Firefighter exams are no easy drill. One might think that it’s all about fitness and physical abilities — but a firefighter exam is a lot more than that.
The exam is divided into three parts that include a written test, a number of physical tests, and finally, an oral test to figure out if a person is good enough to be a firefighter or not.
Now we can’t give you a firefighter exam study guide on the physical and oral assessments, but what we can do is take you through the whole process of the written exam.
These exams include memory-based tests, mechanical aptitude, comprehension, reasoning, and many other tests.
You don’t have to be a firefighter to do well in these exams — all you need to do is to take proper preparation.
We’ll help you out with that.
How to Prepare for a Firefighter Exam?
It’s true that there aren’t a lot of test dates available for rookie firefighters. If you’re only starting as a firefighter, you might not get a lot of chances to.
So you’ll have to capitalize on whatever chance you get and complete the preparation accordingly.
Now in order to prepare well for the exam, you’ll have to get exam preparation books.
These books are quite essential in the sense that they will give you a brief overview of the question patterns and their difficulty levels.
You’ll get course material before you begin, but online tests can be even more beneficial for you as they’ll provide you with instant feedback.
As for the physical and oral tests, you can simply check youtube or other video sites to get an idea about the physical tests, a study guide won’t really help you out there.
Before you pick the study guide for you, do ensure that it’s written by a professional, preferably a certified firefighter. Making preparation for the exam can be very easy if you follow the guidelines properly.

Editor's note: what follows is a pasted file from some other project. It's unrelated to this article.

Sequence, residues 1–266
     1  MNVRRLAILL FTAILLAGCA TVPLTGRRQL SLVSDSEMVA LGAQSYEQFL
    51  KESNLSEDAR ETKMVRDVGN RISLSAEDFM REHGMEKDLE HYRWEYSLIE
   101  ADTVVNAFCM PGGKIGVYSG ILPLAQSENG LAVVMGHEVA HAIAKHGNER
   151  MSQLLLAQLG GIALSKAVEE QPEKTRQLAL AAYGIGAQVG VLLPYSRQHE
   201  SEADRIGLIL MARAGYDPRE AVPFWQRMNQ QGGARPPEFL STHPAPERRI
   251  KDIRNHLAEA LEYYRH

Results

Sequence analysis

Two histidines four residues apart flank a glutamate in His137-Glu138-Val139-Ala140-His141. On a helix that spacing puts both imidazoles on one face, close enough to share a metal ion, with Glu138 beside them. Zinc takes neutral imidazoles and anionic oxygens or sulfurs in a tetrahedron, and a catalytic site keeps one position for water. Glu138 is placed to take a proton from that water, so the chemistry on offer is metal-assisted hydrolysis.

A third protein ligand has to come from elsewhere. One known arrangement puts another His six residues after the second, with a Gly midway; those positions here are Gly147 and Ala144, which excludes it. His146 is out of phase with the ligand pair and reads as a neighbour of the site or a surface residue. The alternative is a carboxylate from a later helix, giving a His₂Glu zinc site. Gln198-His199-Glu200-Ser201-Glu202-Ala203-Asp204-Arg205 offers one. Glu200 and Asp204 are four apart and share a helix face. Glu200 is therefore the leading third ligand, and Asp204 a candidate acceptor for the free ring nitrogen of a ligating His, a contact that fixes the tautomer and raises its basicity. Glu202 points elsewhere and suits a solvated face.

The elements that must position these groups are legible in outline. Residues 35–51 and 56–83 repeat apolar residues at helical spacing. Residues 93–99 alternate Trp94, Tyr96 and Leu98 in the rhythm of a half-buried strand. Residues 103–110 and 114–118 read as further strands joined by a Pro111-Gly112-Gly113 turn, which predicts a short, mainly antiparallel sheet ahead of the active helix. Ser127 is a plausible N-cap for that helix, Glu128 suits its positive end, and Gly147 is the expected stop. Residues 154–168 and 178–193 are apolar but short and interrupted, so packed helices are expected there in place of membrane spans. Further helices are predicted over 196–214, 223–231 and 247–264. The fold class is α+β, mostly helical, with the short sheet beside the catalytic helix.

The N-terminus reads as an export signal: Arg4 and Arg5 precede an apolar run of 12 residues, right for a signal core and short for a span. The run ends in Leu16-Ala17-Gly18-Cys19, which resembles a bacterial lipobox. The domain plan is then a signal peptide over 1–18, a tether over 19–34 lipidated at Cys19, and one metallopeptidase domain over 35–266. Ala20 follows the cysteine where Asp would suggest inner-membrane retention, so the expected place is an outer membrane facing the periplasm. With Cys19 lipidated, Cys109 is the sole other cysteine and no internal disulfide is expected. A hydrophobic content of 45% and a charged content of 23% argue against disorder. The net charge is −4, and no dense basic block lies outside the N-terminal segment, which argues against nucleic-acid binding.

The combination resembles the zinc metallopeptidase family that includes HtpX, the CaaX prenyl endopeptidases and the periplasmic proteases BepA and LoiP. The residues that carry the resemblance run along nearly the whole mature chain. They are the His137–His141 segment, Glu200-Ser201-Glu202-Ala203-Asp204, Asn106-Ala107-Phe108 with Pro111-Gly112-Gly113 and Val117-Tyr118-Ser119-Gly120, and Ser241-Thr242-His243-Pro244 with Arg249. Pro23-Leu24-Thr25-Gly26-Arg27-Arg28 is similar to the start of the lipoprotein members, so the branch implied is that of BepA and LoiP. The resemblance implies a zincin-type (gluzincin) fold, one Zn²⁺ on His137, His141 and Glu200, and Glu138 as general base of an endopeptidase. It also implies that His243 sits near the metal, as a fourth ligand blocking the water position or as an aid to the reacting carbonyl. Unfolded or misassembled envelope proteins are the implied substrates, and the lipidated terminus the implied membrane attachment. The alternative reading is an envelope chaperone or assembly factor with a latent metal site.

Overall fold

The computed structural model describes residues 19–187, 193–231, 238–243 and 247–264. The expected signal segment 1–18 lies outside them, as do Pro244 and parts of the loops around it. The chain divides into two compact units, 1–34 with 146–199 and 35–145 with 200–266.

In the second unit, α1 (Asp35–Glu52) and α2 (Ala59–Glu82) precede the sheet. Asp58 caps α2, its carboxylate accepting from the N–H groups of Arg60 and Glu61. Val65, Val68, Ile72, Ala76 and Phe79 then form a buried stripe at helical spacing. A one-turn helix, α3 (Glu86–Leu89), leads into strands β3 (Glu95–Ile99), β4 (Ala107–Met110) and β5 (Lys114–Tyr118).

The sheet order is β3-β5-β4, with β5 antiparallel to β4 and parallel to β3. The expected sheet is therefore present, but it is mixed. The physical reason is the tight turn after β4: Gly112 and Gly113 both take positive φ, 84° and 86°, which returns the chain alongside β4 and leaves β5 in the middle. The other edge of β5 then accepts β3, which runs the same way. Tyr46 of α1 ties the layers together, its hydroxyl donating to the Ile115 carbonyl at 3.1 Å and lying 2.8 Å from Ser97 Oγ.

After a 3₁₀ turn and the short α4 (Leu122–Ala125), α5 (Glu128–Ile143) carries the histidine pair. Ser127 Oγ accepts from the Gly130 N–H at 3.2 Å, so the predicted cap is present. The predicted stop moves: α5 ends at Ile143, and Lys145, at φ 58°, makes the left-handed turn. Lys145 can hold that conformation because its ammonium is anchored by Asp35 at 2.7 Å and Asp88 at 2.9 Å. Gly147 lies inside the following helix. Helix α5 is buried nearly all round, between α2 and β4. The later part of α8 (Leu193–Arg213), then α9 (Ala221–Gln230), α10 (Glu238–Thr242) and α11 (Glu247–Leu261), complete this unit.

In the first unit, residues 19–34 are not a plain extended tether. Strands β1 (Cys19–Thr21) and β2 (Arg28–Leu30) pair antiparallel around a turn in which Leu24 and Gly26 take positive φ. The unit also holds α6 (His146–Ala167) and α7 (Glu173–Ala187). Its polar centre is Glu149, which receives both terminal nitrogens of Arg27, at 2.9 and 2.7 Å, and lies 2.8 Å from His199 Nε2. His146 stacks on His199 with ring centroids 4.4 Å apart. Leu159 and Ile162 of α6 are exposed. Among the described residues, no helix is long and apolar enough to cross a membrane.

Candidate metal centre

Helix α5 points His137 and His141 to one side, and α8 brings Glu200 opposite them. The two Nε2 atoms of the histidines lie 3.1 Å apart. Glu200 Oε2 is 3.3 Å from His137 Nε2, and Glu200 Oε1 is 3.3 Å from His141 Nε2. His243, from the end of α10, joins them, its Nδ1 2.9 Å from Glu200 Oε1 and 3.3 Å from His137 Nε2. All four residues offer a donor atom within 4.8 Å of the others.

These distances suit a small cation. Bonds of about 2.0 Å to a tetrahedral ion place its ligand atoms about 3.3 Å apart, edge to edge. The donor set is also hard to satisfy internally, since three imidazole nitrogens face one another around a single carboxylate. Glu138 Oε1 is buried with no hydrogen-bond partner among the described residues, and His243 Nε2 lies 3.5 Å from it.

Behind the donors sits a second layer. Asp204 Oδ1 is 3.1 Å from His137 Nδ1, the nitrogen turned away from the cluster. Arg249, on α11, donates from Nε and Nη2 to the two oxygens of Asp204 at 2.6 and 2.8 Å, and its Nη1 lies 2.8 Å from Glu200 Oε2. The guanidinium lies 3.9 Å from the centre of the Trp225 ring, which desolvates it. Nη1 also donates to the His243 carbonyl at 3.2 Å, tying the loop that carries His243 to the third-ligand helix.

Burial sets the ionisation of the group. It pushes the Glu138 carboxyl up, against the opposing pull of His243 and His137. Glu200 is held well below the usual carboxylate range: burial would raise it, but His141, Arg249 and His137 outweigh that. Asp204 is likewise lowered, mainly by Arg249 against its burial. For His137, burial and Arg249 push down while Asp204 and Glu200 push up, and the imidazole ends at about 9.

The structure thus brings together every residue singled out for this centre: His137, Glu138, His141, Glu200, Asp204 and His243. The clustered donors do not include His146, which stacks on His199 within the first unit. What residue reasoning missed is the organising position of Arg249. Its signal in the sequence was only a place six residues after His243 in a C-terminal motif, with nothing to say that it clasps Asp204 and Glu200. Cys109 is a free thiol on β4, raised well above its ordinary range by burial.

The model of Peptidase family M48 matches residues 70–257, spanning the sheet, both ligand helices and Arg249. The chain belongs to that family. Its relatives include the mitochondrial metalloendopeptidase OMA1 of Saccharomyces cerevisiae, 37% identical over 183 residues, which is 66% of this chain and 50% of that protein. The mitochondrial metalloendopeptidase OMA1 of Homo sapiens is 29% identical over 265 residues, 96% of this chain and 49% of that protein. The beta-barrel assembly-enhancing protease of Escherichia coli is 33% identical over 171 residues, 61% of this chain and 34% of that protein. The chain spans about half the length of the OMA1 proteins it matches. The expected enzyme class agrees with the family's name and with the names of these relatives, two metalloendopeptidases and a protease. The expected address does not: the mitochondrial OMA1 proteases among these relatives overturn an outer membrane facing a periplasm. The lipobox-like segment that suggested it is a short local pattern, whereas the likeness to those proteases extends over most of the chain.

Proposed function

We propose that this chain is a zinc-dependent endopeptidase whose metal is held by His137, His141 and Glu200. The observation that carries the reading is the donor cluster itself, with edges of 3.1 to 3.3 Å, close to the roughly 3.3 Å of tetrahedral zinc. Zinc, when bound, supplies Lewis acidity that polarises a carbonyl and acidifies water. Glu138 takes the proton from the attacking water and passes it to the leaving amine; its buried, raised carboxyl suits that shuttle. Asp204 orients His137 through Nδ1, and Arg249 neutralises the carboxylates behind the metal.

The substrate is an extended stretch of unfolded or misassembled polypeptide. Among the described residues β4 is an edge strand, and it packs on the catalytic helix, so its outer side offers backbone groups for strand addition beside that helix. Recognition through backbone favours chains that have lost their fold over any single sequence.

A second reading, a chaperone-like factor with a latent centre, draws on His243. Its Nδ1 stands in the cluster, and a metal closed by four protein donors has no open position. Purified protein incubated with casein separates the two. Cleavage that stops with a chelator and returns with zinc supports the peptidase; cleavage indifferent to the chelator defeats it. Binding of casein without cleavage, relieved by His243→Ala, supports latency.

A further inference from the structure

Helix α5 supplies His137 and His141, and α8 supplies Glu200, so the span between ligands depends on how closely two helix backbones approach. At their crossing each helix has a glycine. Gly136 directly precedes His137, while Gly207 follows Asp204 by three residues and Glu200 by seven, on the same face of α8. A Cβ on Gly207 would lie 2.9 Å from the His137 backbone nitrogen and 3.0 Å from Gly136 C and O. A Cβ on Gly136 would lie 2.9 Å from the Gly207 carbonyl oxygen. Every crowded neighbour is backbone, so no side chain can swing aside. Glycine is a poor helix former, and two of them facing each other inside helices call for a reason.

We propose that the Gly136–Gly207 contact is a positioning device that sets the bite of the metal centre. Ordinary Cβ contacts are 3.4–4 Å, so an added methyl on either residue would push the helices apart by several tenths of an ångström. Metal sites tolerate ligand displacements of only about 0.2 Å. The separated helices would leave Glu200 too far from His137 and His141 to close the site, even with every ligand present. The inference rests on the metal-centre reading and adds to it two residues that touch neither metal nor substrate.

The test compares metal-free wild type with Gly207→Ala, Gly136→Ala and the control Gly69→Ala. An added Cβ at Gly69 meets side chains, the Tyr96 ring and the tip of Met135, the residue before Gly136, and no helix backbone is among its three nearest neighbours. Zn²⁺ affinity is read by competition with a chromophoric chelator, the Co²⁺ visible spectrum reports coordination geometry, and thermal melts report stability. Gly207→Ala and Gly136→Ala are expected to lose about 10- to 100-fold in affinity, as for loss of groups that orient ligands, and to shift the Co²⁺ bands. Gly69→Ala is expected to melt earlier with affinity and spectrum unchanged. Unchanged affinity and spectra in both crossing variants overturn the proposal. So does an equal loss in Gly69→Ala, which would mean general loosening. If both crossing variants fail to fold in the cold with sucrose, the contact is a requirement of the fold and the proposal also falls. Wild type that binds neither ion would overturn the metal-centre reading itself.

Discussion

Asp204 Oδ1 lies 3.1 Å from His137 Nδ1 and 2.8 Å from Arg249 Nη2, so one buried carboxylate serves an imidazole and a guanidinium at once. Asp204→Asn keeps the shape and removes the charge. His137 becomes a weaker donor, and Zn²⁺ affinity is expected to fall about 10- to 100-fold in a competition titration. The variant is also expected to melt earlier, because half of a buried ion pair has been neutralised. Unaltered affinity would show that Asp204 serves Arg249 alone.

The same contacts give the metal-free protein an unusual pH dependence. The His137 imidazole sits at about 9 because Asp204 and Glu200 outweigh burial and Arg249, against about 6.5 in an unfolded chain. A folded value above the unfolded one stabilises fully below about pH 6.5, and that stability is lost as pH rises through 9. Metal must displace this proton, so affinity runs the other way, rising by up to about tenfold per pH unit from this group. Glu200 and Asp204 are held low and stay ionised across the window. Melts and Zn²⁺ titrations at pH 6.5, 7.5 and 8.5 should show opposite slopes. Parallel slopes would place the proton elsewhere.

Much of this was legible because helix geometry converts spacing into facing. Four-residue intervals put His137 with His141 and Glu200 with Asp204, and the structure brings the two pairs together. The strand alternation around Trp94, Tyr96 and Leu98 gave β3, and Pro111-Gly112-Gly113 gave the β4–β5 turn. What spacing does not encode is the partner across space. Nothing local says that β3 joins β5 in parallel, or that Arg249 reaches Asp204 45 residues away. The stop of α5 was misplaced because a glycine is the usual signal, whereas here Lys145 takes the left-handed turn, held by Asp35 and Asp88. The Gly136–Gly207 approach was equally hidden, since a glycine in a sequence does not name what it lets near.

General Test Format
The written test format differs from one fire service company to another, but you’ll find a lot of common patterns in all of them.
In general, written exams have 100-150 questions, all of them being multiple-choice questions (MCQs). The reason behind this is that open-ended questions often create a lot of controversy regarding the marking.
Also, open-ended questions leave a chance for biasedness and objective grading- hence MCQ is considered the best way of assessment there.
A written test shouldn’t take longer than 2/3 hours, but it depends on how many questions you’ll be answering.
As usual, there won’t be any extra time to recheck the answers, so you’ll have to answer very carefully and utilize the time wisely.
Types of Questions to Expect in a Firefighter Exam
There can be many different types of questions in a written exam. You’ll have to complete your preparation in such a way that you get to cover all aspects of the exam.
Also known as the memorization test — this is where you’ll be given a diagram or image to view for some time to memorize them as well as you can.
Once that’s done, you won’t get to see the image anymore, and you’ll have to answer questions based on the pattern or data. There will be a time limit for memorizing the diagram fully, and again, there won’t be any extra time.
People often get freaked out whenever they come across math tests but worry not- the math questions in a firefighter test are usually quite straightforward and simple.
Can’t say that they’ll be as easy as doing addition or subtraction, but they won’t mess with your brain.